The concept of assigning priorities to the adaptive processes could be controversial. Some might insist on giving equal importance to each process and argue for the criticality of simultaneously having low cost, excellent customer targeting, and superior innovation. Choosing priorities does not dismiss one process or another but recognizes the intrinsic difference of each strategic position with its unavoidable, inherent trade-offs.
We've ranked the adaptive process priorities for each strategic option (see figure 8.7). The "consistency corridor" aligns the process of highest importance to each strategic position. Accordingly, the best-product position needs the lowest-cost infrastructure, which originates in the operational effectiveness process. Second, it requires the support of a stream of new products to prolong its current vitality into the future, the innovation process. Finally, the customer targeting process ensures the massive access to distribution channels.
Figure 8.7: Priorities of Adaptive Processes in Each Strategic Position
The customer solutions position has the effective targeting of the customer as its first priority. This is necessary to identify the required product bundles and to detect the needs for customization. Second, the operational effectiveness process ensures the delivery of the products and services to improve the customer economics. Innovation has the third ranking, not because it is unimportant for joint product development with the customer, but because the customer solutions position does not necessarily require leadership in new products, services, and features relative to that called for in the other strategic positions. Often the new product capabilities to support this strategy originate through alliances and the close collaboration with the customer.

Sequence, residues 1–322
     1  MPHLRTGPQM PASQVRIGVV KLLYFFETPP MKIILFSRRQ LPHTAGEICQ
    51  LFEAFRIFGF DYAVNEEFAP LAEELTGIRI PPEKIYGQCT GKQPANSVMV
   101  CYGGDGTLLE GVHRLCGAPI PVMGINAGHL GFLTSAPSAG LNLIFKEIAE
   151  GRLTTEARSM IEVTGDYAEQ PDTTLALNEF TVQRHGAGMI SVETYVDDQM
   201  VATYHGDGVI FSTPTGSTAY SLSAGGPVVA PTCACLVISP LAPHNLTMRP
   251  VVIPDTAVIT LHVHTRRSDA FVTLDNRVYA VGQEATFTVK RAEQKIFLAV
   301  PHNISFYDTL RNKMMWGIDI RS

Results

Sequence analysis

The system lock-in position has innovation as its leading adaptive process. It contributes to the creation of the systems architecture that allows for standards to be conceived and owned. The next level of support comes from targeting the system's complementors to consolidate the lock-in position and, quite significantly, the lock-out of competitors. Finally, the operational effectiveness position is responsible for improving the system performance. While this process is important, the two previous adaptive processes are more relevant.